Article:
Thursday, January 17, 2013

Stanford Lab Makes Peel-And-Stick Solar Cells, Campus Remarks "That's Nice" After Rose Bowl Win

What's a good way to tell that the Gen Y-Millenials are growing up?  They're re-inventing the statement sticker .  Well, that and solar panels...

Researchers at Stanford University may have completely turned that field on its head with a new technique that creates peel-and-stick solar cells.  The cells can be applied to nearly any surface (roofs, vehicles, the bottom of a suburban, disenfranchised teenager's skateboard) and have the same energy storage capacity as a standard industry cell.

The simple-but-elegant-process involves applying a solar cell onto a nanometer thick layer of Nickel and Silicon, and then applying a thermal tape on top of the cell and protecting it from treatment in plastic.  After the layers are heated, the cell is peeled off the Nickel very carefully in water.   The tape is now sticky enough that the cell can be patted carefully onto any flat surface.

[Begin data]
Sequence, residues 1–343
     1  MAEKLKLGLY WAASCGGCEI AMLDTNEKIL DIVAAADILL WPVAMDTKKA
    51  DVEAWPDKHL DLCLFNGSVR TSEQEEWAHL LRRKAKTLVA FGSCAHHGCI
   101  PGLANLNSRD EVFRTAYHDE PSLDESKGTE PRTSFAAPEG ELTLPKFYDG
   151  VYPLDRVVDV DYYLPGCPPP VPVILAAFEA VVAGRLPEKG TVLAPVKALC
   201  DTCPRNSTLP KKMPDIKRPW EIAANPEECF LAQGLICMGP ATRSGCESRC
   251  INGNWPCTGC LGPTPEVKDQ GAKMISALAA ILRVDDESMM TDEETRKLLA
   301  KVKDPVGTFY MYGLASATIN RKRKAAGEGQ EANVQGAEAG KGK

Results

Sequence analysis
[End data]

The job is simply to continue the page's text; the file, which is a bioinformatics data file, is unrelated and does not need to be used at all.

In addition to weirding out surrounding people in a public place, what if this Joker sticker powered your Mac book as well?  

And if you take a close look above at the image published along with the full report, you'll notice what kind of surface the researchers had in mind.

Solar-powered cell phones and tablets/laptops would save a monumental amount of energy, to say nothing of the overall economic and environmental savings in eliminating the need for chargers.  And this is only one example dozens of potential applications for this breakthrough.

Personally, I think the real potential lies in pairing this research with another project conducted in summer of 2012 by a team at Rice University that involved painting the layers of a battery onto almost any surface, making it conductive.    Imagine: a painted battery on your home's inner walls, solar cells adhered to the outer walls.  Instead of worrying how our homes can use the grid more effectively, perhaps the answer lies in our homes becoming the grid itself....

Donal Thoms-Cappello is a freelance writer for Rotor Clip Company

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